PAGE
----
Some of my favorite records are the ones where a band leaps outside the bounds of their past and tries something their fans might not dig. I’m thinking of post-Until Your Heart Stops Cave In (Jupiter polarized their existing fans, while Antenna proved they were onto something new), Corrosion of Conformity’s definitively metal years (starting with Blind, but culminating in the Pepper Keenan-led Deliverance and Wiseblood), and even Kill Holiday’s swan song (Somewhere Between the Wrong is Right, on which they abandoned aggressive hardcore for an energized gothic-pop sound, by turns reminiscent of The Smiths, The Cure, and Ride). Sunbather doesn’t stray from the Deafheaven signature sound but strengthens it instead, and it reminds me of the things I love about the ill-fated albums above. Whether it was growing pains or genre strains, those bands all sacrificed something to pave the path for odd weldings and meldings of metal like this.
If Mayhem and Mogwai collaborated on a record in some other universe and someone brought it back to ours, it might sound like Sunbather. If Immortal and My Bloody Valentine melted into one smooth mound of blast beats and gauzy guitar, it might sound like Sunbather. If Emporer and Explosions in the Sky had naughty, noisy sex, it might sound like Sunbather. If Taake and Flying Saucer Attack collided head-on in midair at a thousand miles an hour in slow motion, it might sound like Sunbather.
Of course, Sunbather doesn’t and wouldn’t really sound like any of that nonsense, but the marriage of shoegazing and black metal makes a lot of sense. A match made made somewhere south of heaven, both subgenres are about meditation, contemplation, and introspection, in sharp contrast to the pomp and posturing of their rock forebears. While Deafheaven is easily among the best, they’re not the only outfit doing this misfit sound: Wolves in the Throne Room, Altar of Plagues, Light Bearer, Falls of Rauros, Panopticon, Liturgy, Krallice, and Seidr, among many others, are all bashing and bastardizing black metal into something else entirely.
When genre-specific adjectives fail, we grasp at significant exemplars from the past to describe new sounds. Following Straw (1991), Josh Gunn (1999) calls this “canonization” (p. 42): The synecdochical use of a band’s name for a genre is analogous to our using metaphors, similes, and other figurative language when literal terms fall short. Where bands sometimes emerge that do not immediately fit into a genre (e.g., Radiohead, dälek, Godflesh, et al.) or adhere too specifically to the sound of one band (e.g., the early 21st-century spate of bands that sound like Joy Division), we run into this brand of genre trouble. Even with a space seemingly cut out for them by a family of description-defying groups, Deafheaven is likely to work loose from any label applied to their sound.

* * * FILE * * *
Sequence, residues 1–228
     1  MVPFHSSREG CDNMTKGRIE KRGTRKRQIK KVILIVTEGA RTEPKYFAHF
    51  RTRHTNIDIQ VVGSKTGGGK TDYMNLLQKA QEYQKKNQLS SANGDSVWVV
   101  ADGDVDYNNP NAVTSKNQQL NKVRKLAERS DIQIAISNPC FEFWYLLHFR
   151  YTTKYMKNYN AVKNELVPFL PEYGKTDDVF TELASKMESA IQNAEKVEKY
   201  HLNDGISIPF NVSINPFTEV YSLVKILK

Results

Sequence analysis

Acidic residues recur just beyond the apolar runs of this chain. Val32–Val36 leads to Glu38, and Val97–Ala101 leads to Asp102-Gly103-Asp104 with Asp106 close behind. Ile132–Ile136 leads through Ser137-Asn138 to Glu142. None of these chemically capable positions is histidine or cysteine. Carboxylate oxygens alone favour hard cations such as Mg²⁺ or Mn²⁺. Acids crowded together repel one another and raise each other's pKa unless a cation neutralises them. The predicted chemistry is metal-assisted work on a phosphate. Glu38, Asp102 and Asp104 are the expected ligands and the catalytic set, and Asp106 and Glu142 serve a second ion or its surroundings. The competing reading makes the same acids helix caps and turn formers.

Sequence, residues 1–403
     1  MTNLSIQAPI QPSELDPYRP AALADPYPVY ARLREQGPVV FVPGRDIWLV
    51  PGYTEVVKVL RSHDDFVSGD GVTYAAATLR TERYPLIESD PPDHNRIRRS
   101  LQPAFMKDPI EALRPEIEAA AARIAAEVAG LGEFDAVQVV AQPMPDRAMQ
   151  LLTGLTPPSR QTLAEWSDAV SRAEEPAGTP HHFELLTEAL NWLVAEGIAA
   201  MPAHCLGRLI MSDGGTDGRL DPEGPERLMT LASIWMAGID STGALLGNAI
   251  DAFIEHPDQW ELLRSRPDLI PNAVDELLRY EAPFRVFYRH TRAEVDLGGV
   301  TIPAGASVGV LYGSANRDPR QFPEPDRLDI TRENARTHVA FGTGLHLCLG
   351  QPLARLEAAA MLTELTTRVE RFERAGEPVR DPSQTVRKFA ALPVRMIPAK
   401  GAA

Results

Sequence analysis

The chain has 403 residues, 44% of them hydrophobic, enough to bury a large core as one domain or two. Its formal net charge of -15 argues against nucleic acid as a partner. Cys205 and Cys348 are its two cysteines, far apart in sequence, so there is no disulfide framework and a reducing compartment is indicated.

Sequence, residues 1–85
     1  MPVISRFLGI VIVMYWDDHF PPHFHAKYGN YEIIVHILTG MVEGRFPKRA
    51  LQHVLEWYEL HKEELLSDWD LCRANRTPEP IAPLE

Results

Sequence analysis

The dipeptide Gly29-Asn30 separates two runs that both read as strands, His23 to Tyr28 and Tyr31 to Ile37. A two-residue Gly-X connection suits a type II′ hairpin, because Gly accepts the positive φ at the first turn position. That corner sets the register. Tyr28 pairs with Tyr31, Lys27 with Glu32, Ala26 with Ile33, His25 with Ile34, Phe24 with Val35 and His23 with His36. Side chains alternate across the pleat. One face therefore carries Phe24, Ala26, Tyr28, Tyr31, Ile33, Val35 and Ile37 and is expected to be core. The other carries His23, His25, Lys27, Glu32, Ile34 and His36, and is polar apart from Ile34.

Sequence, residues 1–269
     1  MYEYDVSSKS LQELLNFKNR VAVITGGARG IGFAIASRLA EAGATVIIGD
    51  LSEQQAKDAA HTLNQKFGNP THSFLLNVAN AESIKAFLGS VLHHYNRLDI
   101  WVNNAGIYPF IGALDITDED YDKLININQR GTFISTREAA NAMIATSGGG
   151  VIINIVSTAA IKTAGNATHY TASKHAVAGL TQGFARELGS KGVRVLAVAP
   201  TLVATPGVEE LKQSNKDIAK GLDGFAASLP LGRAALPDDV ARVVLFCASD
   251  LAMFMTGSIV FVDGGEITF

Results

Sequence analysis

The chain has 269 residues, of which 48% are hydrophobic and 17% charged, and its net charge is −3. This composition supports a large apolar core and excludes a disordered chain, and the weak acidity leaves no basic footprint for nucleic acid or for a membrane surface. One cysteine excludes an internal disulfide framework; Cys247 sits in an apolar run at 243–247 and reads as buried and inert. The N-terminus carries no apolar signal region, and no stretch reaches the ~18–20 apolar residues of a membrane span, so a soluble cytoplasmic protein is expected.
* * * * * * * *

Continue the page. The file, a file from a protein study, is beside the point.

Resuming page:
Neither the bands nor the fans come up with these categories anyway. If it moves us, we don’t care what you call it. With renewed focus and fury, Deafheaven moves. George Clarke’s vocals have never sounded more shredded or sincere, and Kerry McCoy’s guitar work is driving, diving, and daring. The addition of Daniel Tracy on drums tightened the trio into an ensemble capable of new leaps, depths, textures, and sophistication. In spite of their often caustic heaviness, there’s a pop sensibility in there that can’t help but shine through.
“You might come across American black metal and see a greater tendency to humanize the terms, which may seem somewhat contradictory,” says He Who Crushes Teeth from California’s Bone Awl, “But I think an unknown goal in American black metal is to level the vocabulary and draw attention to the fact that nothing is outside of humanity” (quoted in Masciandro, 2010, p. 152). Kenneth Burke (1966) defined the human as “the symbol using, making, and mis-using animal, inventor of the negative, separated from his natural condition by instruments of his own making, goaded by the spirit of hierarchy, and rotten with perfection” (p. 16). The very Burkean phrase “rotten with perfection” is an apt description of Sunbather, not only in its intent but also in its execution. “The ‘Sunbather’ is essentially the idea of perfection,” Clarke tells National Underground. “A wealthy, beautiful, perfect existence that is naturally unattainable and the struggles of having to deal with that reality because of your own faults, relationship troubles, family troubles, death, etc.” (quoted in Glaser, 2013). Balancing ambitions for more with appreciating what we have is a definitively human struggle.
“If you let go of the idea of perfection,” Anna Chlumsky once said, “a lot of beauty can happen.” Thankfully with Sunbather, Deafheaven endeavor to bring us both.
Here’s a brief peek into the making of Sunbather, which comes out June 11th on Deathwish, Inc. [runtime: 7:53]:
Burke, Kenneth. (1966). Language as Symbolic Action. Berkeley, CA: University of California Press.
Glaser, Anthony (2013, March 11). Interview: Deafheaven. National Underground.
Gunn, Josh. (1999, Spring) Gothic Music and the Inevitability of Genre. Popular Music & Society, 23, 31-50.
Masciandro, Nicola. (ed.) (2010). Hideous Gnosis: Black Metal Symposium 1. New York: CreateSpace.
Straw, Will. (1991). Systems of Articulation, Logics of Change: Communities and Scenes in Popular Music. Cultural Studies, 5(3), 361-75.